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Re: Example where testing-security was used?

> In any case, given the number of prospective ports waiting in the
> wings, 11 is probably a roughly correct estimate even if we *do* drop
> some architectures.  (And since non-release ports are likely to stay
> in unstable, and adding a release port adds three w-b databases where
> dropping one only removes two w-b databases, it takes 1 1/2 dropped
> archs to balance one added arch...)

in all those debates about the lack of buildds, sth seems odd to me. 
I've always thought that moore's law was quite accurate... and my 
understanding (I may be wrong, it's only how I understand the whole 
thing) is that debian growth is quite linear, compared to the cpu 
speed, disk size, BW ... growth, the time passing, we should have less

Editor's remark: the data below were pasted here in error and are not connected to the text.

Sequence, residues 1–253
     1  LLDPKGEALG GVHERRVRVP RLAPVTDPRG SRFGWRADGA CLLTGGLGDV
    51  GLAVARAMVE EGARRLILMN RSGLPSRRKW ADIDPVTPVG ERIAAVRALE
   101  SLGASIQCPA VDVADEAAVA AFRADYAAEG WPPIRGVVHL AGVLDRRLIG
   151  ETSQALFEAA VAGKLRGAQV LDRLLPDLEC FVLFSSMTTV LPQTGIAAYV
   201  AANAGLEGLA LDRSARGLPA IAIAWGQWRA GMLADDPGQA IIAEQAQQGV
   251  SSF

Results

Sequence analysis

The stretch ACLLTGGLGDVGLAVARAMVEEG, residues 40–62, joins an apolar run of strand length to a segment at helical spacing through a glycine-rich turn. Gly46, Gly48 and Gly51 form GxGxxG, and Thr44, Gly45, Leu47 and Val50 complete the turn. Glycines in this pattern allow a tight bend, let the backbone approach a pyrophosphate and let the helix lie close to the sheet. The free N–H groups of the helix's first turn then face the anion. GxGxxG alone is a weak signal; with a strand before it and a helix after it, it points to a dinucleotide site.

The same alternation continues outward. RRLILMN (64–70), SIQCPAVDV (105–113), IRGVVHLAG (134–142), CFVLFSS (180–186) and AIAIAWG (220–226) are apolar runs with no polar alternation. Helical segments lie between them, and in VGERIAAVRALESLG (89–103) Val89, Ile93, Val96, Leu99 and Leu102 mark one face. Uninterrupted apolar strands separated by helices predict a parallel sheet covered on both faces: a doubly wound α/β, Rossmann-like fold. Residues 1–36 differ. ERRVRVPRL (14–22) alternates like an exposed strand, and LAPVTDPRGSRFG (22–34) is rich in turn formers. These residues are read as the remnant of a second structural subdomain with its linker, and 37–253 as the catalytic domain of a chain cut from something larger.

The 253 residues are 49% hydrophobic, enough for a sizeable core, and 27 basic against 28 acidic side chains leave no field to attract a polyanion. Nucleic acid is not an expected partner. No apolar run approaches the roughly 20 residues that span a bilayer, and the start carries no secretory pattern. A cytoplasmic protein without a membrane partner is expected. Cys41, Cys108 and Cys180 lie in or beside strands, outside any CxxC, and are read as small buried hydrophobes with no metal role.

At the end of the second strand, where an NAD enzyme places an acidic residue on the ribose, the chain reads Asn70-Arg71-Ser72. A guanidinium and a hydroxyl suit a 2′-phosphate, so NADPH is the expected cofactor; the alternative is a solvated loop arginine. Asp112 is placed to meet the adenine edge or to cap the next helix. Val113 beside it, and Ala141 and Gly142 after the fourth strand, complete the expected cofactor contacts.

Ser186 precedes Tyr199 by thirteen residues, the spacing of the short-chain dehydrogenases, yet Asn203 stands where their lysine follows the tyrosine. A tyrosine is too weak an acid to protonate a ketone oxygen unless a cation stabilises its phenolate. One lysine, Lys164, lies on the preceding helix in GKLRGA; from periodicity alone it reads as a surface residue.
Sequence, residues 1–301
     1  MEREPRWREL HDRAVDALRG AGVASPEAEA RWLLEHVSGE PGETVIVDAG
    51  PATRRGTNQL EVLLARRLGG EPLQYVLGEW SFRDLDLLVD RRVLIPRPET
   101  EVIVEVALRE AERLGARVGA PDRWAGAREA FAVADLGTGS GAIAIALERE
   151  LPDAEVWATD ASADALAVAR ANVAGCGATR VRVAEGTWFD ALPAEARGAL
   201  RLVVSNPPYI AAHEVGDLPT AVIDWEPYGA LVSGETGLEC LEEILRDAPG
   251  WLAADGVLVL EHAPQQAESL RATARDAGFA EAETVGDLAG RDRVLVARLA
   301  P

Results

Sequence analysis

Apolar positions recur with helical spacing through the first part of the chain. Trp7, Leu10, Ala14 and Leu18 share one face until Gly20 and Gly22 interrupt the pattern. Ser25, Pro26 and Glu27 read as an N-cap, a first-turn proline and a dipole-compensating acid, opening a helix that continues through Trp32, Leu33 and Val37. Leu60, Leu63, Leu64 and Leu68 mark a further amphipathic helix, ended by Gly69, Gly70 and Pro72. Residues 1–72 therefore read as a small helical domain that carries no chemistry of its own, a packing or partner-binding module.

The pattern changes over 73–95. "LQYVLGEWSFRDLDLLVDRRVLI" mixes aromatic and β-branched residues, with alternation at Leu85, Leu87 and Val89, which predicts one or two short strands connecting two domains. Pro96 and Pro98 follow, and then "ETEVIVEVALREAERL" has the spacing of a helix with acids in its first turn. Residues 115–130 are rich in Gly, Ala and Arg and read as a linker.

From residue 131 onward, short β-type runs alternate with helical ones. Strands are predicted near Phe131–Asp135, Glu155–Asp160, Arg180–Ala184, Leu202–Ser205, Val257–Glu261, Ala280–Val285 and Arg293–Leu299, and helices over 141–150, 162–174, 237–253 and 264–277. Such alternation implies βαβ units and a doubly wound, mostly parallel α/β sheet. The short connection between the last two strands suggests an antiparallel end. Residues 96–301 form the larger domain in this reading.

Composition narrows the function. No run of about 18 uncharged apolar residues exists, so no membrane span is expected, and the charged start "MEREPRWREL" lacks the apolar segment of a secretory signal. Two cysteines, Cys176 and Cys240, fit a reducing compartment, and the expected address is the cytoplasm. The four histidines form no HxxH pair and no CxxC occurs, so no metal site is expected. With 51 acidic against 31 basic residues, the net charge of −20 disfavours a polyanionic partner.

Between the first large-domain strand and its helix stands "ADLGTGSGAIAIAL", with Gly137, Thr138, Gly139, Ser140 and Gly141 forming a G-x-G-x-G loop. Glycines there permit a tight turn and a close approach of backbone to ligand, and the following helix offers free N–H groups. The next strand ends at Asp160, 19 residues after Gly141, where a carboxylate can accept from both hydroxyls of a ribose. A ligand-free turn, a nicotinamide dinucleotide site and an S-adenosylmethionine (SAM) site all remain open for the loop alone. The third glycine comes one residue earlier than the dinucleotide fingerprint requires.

and less limitations.

I'm aware that more's law is not appliable on some archs (like arm I 
believe) but the question is, well, who uses openoffice.org or kde on 
an arm (only to cite those) ?

In fact, the point is, I don't understand how hardware limitations are 
really possible. I understand fully that many ports needs *a lot* of 
work for porters/security teams (it's a pity human brains does not 
follow moore's law) ... but I find hard to believe that hardware is the 
reason why we cannot manage many arches.

·O·  Pierre Habouzit
··O                                                madcoder@debian.org
OOO                                                http://www.madism.org

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